Because pure water represents the bedrock on which all health care delivery is based.When you think of it, there are so many instances of places where water the pure and drinking kind should be available but isn’t. And that is how Piramal Sarvajal was conceived, around the terribly ambitious programme to provide universal potable water for all in 2008.The programme was timed not a day too soon.The more you think of it, the lack of access to potable water is the genesis of a number of modern day issues. In areas where pure water is not easily accessible, there is a question mark over food quality. In areas where water is not an arm’s length away, the one assigned to fetch it is usually the woman of the family (translating into the other problem of economic inequity and disempowerment). In areas where potable water is infrequently supplied, there is high medical expenditure with lower month-end surpluses available for reinvestment.In areas where water availability is low, the neighbourhood squabbles (over whose bucket should gain precedence) are high.These are some of the things I like about Piramal Sarvajal.
One, the programme does not profess that it knows all the answers; it partners with local entrepreneurs, corporations supporting social projects, the government and philanthropic organisations to provide local solutions (pun!). The result is that partners provide funding, while Piramal Sarvajal deploys decentralised units based on parameters like population density and local water quality.One comes with the cash, the other comes with knowledge, kickstarting implementation.
Two, the programme addresses the dearth of water not where it is most convenient, such as underserved urban pockets; instead it addresses villages, slums, schools, hospitals and public spaces.
Three, the programme has achieved some scale; it commissioned community drinking water solutions in more than 200 villages in partnership with local entrepreneurs, corporate donors and gram panchayat.
Four, the programme addresses purification in pockets where water is available; it commissioned sponsor-funded purification units in more than 70 schools (Rajasthan, Maharashtra, Punjab, Haryana and Karnataka).
Five, the programme has progressively extended to deficient urban public places, working with the government in selected resettlement areas around New Delhi where piped drinking water is simply not available and where residents are completely dependent on tankers; the result is a hub-and-spoke driven 24×7 access to safe drinking water.
Six, this is not a free hand-down; users are educated on the payback benefits of safe water access and then charged; the water revenue covers operational costs, making it possible for donor-sponsored locations to sell water for as low as 20 paise per litre (our packaged branded equivalent is available for Rs 20 per litre).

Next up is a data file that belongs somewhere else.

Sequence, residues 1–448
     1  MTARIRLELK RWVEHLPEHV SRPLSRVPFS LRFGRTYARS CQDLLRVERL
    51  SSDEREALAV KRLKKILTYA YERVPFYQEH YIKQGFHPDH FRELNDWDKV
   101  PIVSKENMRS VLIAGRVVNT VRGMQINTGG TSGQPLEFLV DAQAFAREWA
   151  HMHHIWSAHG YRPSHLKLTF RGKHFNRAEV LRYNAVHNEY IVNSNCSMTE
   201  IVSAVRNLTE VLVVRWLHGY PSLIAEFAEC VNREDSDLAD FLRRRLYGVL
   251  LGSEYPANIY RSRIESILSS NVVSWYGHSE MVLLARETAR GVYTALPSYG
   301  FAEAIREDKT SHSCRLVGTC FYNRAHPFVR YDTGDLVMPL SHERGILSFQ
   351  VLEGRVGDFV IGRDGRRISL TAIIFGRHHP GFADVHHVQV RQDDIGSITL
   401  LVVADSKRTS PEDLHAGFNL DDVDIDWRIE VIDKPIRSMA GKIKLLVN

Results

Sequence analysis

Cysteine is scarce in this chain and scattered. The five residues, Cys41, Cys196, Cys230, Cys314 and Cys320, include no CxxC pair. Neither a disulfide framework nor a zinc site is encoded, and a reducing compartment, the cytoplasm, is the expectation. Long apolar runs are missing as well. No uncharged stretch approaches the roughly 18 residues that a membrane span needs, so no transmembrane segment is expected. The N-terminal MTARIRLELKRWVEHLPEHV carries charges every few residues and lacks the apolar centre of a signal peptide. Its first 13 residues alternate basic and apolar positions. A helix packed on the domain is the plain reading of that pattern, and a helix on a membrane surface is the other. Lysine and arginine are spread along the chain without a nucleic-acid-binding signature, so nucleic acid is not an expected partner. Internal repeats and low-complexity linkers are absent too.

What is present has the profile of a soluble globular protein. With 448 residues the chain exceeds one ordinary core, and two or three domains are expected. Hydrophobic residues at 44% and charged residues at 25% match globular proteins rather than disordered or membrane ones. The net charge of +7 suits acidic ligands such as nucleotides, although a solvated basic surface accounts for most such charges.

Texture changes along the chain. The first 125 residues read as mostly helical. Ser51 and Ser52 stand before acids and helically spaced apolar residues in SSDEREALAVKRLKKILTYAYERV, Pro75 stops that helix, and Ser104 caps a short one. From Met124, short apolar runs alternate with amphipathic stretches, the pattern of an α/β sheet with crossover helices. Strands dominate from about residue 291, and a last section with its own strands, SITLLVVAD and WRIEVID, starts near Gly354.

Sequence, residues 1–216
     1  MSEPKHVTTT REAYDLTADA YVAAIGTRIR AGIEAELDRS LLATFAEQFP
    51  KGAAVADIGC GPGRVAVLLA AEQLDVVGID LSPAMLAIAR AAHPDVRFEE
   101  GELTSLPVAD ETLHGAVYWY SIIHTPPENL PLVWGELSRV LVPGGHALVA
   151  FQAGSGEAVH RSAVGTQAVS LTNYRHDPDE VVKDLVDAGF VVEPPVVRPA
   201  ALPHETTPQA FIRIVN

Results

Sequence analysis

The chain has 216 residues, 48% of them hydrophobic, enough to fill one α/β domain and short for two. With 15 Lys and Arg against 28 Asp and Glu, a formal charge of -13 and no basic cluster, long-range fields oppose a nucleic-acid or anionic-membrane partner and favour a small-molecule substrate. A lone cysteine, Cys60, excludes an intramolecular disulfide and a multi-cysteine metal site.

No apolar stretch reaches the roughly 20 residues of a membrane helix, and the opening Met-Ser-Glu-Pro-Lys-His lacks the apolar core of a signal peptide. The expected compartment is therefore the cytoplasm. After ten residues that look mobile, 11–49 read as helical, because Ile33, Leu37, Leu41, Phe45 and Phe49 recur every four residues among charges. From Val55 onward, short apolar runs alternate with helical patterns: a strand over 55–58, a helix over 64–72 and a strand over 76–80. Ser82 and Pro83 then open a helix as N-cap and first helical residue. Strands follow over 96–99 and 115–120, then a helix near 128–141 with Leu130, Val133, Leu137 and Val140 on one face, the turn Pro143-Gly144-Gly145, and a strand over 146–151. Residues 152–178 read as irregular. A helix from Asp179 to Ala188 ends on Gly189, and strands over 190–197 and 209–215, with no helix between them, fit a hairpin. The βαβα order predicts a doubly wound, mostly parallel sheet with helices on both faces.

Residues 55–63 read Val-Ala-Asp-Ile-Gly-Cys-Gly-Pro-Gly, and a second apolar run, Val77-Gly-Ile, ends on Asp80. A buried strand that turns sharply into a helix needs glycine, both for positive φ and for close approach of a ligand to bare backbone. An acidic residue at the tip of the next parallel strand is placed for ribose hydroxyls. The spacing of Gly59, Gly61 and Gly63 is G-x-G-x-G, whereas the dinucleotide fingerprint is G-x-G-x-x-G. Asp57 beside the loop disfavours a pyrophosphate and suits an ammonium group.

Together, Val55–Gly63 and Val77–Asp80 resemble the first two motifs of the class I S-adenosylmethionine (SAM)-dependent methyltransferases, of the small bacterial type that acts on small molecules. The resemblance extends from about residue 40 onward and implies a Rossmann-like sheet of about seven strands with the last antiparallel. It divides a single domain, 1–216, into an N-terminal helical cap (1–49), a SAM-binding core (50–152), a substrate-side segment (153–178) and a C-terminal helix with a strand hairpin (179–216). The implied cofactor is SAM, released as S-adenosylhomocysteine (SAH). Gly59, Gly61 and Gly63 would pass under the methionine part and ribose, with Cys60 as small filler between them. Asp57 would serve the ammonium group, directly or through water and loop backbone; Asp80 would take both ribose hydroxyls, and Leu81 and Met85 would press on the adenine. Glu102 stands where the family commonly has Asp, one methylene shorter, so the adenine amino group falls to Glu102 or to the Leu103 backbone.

Seven, Piramal Sarvajal pioneered the remote monitoring of water purification machines and the concept of a water ATM. Through the combination of these technologies, Sarvajal not only maintains the machine and water quality but also ensures maximum uptime with the help of solarpowered water ATMs, ensuring 24×7 safe water availability regardless of power availability.
Eight, Piramal Sarvajal has commissioned a service centre to provide maintenance and community level marketing services every 20-30 units, ensuring that high uptime is not compromised by the repair technician turning up after a fortnight.
Nine, the patented technology was developed in-house; besides, the programme has emerged as a livelihood driver for about 1,000 individuals through Piramal Sarvajal water network, who earn more than their average local incomes.
The numbers are remarkable: the programme serves approximately 300,000 consumers each day through 500 plus installations across13 states.
The effect has been even more remarkable.Laxmi Devi of Laxmangarh village in Rajasthan gets 40 litres of water every day for her household of seven. Her verdict: “The present has put the power in our hands in the form of an ATM card.“
Arthritic 50-year-old Khurshid Bano of Jhunjhunu (Rajasthan) has a lot to thank Sarvajal for.The district suffers high fluoride levels in water, causing fluorosis and joint pains, weakened bones and yellowed teeth. Ever since she subscribed to Sarvajal, her pain has subsided and she saves Rs 1,500 of what was earlier being spent in medication costs each month.
Housewife Kavitaji (200 m from Sarvajal’s office in Sawda Ghevra JJ Colony) feels Sarvajal has been a life-changer. Her seven month daughter encountered severe diarrhoea resulting in a Rs 5,000 hospital bill. When the doctor wrote out a prescription, he scribbled `Sarvajal’. Kavitaji started buying 15 litres a day for the family. The family health improved; the housewife turned evangelist and convinced 11 families in the neighbourhood to subscribe as well, renaming her bylane as `Sarvajal gali.’ If only Piramal Sarvajal could take this concept to other corporations to fund drinking water unit in their own neighbourhoods…